Currently about 85% of students get financial aid in some fashion, which is a large reason why the actual per-student cost of college is typically 1/2 to 1/3 of the sticker price. Being mindful of how and where to save for college with financial aid in mind will also affect your savings on college.

A person who understands the financial aid formulas can then make legal and reasonable shifts in asset placement prior the filing of forms or taxes. (For purposes of our discussion we’ll focus on the FAFSA, though a limited number of schools use different forms.) Let’s explore just two of the bigger FAFSA considerations, after which appropriate asset placement strategies should all but become obvious.

Continue reading Avoid Penalties on Your Savings

Chart: Graduation Success and Failure by Family Income Level

Chart: Graduation Success and Failure by Family Income Level

100 Students Start College

(Click chart to go to source)

This chart comes to us from Darla Cameron and Laura Stanton of the Washington Post. It’s a brilliant little piece of interactive graphics, going beyond the usual “lump-’em-all-together” statistical analysis. This chart details not just how all college students fare, but how students from four strata of family income levels succeed in terms of graduation after six years.

This should be helpful to students to personalize the statistics a bit more and be less prone to the mental errors associated with the “flaw of averages.” While it’s true that on average 44% of all students graduate in six years with an associate’s or bachelor’s degree, students can now look a bit deeper into the numbers to get a better sense of how their financial peers do in the college environment. For instance, according to this chart, students from higher income backgrounds tend to graduate at a rate of about 56% but those from the bottom income quadrant at a rate of only 36%. Continue reading Chart: Graduation Success and Failure by Family Income Level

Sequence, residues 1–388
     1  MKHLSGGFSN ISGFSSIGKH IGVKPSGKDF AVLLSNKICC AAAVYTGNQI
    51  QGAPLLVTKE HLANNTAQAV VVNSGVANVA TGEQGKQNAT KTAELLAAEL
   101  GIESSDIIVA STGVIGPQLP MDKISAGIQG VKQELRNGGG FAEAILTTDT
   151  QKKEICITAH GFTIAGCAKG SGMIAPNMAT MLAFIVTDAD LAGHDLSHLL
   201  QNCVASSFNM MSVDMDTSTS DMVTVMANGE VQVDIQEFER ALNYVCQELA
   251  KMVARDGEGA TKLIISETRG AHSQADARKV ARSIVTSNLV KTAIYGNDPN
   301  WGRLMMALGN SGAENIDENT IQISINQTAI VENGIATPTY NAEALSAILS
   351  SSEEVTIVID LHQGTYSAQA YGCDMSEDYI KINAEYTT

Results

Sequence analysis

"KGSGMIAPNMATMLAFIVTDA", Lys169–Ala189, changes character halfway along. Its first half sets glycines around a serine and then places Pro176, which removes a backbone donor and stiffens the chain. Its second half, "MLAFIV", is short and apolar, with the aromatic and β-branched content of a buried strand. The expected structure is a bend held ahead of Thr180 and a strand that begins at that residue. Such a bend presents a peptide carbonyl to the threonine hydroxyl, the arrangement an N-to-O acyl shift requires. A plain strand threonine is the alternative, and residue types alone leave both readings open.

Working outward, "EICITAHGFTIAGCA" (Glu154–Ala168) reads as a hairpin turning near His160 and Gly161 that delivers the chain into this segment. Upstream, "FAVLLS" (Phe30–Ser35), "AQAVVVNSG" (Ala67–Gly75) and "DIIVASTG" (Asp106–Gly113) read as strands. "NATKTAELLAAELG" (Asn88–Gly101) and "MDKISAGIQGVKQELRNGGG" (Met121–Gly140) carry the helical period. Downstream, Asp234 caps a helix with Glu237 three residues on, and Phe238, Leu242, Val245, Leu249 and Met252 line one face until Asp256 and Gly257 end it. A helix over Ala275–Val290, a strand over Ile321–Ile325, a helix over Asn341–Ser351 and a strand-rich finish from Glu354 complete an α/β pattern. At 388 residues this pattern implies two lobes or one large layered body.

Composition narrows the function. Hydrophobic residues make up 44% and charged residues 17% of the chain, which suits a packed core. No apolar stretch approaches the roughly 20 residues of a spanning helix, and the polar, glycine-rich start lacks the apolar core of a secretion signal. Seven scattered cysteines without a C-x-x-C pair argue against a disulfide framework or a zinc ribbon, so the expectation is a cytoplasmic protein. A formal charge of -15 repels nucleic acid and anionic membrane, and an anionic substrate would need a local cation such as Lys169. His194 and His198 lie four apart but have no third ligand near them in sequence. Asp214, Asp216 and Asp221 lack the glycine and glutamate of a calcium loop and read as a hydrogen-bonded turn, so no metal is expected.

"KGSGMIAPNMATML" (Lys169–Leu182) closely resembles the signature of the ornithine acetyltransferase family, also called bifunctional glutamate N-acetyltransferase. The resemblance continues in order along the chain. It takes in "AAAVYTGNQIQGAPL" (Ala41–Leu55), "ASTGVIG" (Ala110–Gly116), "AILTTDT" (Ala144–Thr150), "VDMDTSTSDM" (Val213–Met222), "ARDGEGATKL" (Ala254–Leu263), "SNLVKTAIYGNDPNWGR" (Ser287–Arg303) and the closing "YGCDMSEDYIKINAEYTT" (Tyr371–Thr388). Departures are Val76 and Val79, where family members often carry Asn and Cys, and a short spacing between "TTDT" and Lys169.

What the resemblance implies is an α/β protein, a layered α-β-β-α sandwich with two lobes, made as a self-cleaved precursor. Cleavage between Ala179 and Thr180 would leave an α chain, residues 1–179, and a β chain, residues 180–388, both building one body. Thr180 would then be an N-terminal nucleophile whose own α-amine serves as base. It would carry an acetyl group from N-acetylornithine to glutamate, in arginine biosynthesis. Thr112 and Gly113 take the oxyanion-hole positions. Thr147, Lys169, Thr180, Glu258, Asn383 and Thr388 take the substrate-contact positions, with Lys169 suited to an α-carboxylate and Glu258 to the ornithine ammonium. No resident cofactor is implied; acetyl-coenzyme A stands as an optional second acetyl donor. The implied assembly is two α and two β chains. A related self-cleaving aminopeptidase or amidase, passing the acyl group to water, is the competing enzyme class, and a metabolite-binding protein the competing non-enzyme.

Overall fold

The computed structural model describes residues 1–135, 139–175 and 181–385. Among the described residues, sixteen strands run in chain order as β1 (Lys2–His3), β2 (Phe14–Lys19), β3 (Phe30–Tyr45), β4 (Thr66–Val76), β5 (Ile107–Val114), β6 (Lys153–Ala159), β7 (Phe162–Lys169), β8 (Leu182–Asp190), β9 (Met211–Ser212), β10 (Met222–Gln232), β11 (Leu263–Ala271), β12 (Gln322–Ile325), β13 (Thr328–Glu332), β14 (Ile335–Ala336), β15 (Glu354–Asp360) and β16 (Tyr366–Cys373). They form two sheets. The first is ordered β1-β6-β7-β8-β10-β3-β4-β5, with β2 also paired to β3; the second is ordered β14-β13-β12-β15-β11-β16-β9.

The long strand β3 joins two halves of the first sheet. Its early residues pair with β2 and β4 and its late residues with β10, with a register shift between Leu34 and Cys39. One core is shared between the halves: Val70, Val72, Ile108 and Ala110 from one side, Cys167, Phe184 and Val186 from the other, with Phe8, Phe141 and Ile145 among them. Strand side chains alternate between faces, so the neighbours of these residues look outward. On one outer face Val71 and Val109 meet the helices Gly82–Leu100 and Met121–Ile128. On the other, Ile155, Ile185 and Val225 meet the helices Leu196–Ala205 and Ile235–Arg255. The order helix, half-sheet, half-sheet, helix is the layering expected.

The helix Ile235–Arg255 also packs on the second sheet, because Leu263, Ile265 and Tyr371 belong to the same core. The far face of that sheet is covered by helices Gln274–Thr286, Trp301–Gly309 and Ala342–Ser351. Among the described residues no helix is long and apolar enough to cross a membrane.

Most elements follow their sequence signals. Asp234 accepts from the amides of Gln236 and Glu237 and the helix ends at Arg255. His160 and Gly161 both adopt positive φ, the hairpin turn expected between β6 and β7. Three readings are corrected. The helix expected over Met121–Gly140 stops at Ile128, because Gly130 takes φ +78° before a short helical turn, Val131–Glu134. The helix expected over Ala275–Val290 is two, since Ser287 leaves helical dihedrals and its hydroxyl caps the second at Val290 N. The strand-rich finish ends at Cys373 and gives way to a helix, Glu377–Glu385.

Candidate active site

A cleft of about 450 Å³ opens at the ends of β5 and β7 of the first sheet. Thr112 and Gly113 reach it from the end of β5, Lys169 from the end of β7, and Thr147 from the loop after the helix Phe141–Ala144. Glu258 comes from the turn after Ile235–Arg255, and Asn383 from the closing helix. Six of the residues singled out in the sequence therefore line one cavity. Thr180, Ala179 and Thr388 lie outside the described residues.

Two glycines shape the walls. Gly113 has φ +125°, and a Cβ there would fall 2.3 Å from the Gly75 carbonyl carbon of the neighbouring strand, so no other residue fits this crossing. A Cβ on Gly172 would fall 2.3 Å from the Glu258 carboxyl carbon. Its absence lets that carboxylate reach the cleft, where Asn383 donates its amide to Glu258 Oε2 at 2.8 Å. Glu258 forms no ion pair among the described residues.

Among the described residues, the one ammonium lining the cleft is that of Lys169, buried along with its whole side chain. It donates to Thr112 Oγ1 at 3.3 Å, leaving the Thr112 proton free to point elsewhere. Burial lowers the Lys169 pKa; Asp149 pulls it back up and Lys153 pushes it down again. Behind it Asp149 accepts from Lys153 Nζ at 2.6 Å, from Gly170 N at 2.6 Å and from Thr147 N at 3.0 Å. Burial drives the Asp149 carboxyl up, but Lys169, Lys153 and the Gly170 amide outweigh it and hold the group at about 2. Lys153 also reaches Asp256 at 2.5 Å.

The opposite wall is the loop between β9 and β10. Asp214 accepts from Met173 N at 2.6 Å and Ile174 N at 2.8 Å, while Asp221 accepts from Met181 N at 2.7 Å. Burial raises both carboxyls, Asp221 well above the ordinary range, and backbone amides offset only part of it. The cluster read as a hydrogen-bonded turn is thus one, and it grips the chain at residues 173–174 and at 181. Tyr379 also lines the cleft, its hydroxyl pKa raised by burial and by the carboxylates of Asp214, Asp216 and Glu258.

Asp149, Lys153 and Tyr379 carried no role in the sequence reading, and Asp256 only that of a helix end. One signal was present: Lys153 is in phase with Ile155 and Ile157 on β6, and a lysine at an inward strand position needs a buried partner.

Faces of Devastation: Hurt and Hope Beyond the Statistics

Faces of Devastation: Hurt and Hope Beyond the Statistics


In researching items related to achieving an affordable education one runs across tons of numbers and charts related to the experience. The statistics associated with tuition rises, early dropout rates, graduate debt loads, and unemployment raise awareness that we have a problem.

But the tragedy of it all really hits home when we encounter the people behind the numbers. While we can get a general sense of the  financial struggles faced by students as a group through raw information, behind every number there’s a face. The college unaffordability epidemic has names. Their stories break my heart.

The bad news is that we have so many chewed up and despondent lives to show for the experience. The good news is that the problem can be resolved at the individual level, time and time again, by folks like you and me. Continue reading Faces of Devastation: Hurt and Hope Beyond the Statistics